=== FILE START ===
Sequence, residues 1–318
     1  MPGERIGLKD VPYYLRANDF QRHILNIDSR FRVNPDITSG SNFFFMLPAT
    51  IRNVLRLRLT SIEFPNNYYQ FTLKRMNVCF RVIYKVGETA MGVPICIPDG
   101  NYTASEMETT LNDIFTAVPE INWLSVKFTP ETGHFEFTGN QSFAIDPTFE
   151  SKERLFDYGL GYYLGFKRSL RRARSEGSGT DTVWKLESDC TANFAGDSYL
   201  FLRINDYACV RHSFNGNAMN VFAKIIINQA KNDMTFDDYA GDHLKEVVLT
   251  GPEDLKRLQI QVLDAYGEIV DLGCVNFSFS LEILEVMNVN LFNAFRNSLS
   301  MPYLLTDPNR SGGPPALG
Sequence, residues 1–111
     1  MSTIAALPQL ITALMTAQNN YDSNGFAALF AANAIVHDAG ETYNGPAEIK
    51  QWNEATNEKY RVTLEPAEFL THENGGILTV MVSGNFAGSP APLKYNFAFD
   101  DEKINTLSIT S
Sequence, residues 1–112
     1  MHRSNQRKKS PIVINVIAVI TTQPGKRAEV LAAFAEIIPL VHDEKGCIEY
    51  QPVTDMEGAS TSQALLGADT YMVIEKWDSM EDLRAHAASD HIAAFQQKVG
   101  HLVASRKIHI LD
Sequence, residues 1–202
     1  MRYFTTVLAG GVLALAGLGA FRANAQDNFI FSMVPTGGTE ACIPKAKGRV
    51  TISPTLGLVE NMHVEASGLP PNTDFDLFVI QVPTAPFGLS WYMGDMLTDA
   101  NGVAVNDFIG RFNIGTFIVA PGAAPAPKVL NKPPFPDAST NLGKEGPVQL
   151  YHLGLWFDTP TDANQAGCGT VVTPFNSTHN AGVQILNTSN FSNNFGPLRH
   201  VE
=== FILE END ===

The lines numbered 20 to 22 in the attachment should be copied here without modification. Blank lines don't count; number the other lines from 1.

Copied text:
   101  NGVAVNDFIG RFNIGTFIVA PGAAPAPKVL NKPPFPDAST NLGKEGPVQL
   151  YHLGLWFDTP TDANQAGCGT VVTPFNSTHN AGVQILNTSN FSNNFGPLRH
   201  VE